Still living at home, maybe. Or perpetually single. Possibly we’ve got the job and a partner and we’re living in a wonderful little apartment, but we have no idea why we’re doing it all. What’s the point? What’s our purpose? Is this really the path we want to be on 10 years from now?

For many of us, we are not where where we imagined we would be at…

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A meditation on what the “best we can do” really means, and why sometimes it means taking the pressure to succeed off

“I don’t know. I really don’t. All I know is that my life is better when I assume that people are doing their best. It keeps me out of judgment and lets me focus on what is, and not what should or could be.”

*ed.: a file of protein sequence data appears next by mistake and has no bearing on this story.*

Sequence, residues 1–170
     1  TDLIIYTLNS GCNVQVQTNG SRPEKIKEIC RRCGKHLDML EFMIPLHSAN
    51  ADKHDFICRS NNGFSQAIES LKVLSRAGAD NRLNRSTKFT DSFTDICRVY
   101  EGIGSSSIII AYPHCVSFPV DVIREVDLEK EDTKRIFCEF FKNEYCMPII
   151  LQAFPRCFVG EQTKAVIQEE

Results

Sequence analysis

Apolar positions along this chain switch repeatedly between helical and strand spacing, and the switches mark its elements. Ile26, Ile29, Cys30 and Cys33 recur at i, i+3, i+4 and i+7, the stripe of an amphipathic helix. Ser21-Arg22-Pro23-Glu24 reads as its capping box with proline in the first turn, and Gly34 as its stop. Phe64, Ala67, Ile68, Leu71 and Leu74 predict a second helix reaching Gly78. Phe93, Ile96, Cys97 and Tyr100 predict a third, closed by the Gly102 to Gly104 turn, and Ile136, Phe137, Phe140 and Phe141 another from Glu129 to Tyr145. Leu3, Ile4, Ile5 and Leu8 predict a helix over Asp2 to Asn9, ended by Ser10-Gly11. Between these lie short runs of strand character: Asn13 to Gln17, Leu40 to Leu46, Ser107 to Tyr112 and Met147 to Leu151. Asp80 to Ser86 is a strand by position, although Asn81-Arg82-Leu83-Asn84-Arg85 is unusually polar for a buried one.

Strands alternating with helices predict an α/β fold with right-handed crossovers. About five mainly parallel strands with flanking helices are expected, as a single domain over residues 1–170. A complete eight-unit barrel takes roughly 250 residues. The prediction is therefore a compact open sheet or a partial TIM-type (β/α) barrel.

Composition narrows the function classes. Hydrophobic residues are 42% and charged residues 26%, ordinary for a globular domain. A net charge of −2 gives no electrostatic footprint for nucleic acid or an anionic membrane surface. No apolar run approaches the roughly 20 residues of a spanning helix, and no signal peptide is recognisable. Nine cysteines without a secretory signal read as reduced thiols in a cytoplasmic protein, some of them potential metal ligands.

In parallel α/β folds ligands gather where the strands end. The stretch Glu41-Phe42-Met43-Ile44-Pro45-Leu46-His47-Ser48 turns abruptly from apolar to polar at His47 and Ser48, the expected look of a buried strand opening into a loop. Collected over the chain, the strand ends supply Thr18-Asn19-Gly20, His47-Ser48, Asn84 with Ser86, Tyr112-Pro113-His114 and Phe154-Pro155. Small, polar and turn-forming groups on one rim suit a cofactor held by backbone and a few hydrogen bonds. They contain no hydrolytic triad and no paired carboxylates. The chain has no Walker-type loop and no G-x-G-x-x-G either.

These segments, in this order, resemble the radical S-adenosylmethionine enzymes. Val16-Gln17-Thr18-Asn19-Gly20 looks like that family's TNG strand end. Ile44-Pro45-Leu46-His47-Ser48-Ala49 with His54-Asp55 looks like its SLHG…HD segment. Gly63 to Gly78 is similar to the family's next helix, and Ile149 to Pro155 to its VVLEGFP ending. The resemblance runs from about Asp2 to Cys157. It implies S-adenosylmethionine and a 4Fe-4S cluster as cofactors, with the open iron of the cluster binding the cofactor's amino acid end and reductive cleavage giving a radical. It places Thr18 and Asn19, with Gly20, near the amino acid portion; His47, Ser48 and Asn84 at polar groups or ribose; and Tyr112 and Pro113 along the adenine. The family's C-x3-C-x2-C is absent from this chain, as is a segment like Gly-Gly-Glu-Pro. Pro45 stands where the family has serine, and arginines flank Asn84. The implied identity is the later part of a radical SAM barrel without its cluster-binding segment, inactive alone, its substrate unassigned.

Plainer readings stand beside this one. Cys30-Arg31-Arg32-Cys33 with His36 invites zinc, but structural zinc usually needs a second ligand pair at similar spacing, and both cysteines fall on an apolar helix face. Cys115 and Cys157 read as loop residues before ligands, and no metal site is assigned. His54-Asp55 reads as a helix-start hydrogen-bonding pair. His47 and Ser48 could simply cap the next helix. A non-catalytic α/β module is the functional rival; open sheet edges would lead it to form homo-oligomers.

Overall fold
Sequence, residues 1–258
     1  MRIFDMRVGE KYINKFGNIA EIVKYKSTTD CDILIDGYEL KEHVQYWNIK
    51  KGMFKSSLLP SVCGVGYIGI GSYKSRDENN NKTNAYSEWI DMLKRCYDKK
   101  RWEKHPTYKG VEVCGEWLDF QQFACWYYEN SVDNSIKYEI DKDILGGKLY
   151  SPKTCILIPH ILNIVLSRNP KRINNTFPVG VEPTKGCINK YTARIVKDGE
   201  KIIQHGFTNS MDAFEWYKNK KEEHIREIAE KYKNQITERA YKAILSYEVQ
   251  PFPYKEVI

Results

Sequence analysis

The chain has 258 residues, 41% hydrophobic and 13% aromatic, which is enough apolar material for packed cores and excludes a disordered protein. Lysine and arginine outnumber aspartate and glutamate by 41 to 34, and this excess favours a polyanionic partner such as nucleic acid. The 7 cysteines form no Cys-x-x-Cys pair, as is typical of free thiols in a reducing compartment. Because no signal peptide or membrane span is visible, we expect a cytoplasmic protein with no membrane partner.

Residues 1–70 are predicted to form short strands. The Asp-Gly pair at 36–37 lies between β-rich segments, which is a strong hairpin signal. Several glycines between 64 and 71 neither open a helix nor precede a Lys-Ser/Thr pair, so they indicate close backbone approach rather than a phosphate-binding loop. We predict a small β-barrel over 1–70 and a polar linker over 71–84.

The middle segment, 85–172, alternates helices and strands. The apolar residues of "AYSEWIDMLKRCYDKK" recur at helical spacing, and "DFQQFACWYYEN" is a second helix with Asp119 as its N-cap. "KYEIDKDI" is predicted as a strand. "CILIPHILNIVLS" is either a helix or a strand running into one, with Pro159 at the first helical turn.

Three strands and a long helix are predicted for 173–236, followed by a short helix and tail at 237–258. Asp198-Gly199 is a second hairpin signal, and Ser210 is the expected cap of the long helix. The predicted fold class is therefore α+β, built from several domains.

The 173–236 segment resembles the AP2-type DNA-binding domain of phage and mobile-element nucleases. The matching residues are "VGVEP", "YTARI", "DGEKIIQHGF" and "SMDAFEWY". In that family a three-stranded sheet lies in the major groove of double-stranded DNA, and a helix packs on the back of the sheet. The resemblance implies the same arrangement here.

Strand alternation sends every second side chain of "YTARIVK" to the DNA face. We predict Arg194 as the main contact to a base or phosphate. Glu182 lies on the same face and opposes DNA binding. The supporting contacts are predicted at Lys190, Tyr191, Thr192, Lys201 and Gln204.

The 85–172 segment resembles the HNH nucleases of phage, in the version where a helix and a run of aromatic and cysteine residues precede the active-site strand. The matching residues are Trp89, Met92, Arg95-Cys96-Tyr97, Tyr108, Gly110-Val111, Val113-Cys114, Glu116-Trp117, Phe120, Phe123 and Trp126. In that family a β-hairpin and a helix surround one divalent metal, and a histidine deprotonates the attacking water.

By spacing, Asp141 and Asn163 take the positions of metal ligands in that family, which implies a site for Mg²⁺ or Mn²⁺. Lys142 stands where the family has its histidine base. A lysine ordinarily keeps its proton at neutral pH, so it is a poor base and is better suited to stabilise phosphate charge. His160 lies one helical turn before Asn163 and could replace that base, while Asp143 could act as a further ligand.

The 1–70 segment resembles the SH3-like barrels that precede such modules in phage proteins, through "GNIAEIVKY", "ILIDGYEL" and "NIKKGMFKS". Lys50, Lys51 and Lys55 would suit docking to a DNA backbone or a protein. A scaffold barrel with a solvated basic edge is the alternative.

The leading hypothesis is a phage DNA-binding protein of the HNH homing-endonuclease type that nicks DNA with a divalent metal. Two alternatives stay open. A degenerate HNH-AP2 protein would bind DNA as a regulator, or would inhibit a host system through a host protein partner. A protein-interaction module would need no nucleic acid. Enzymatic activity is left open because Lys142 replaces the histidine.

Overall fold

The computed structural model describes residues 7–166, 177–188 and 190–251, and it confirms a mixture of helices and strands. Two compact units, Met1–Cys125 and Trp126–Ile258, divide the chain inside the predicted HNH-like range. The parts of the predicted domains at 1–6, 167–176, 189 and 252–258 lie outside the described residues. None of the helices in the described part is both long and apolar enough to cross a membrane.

— Steve Alley in response to his wife, Dr. Brené Brown’s, research question, “Do you think that, in general, people are doing the best they can?” (Rising Strong, 2015, pg. 113)

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And why I think the job is needed more than ever today

In 2019, I leapt off the proverbial cliff to pursue a field I had virtually no background in.

I had been thinking about it for over a year. Dr. Tal Ben-Shahar calls on people to ask themselves 3 crucial questions in an exercise he calls the MPS — Meaning, Pleasure, Strengths — Process.

What gives me meaning?

What gives me pleasure?

What are my strengths?

And the place of overlap between all three points you in the direction of the kind of job that will make you rich in the currency that matters (he effectively argues this currency to be…

What Frozen 2 can teach us about how to handle a world turned upside down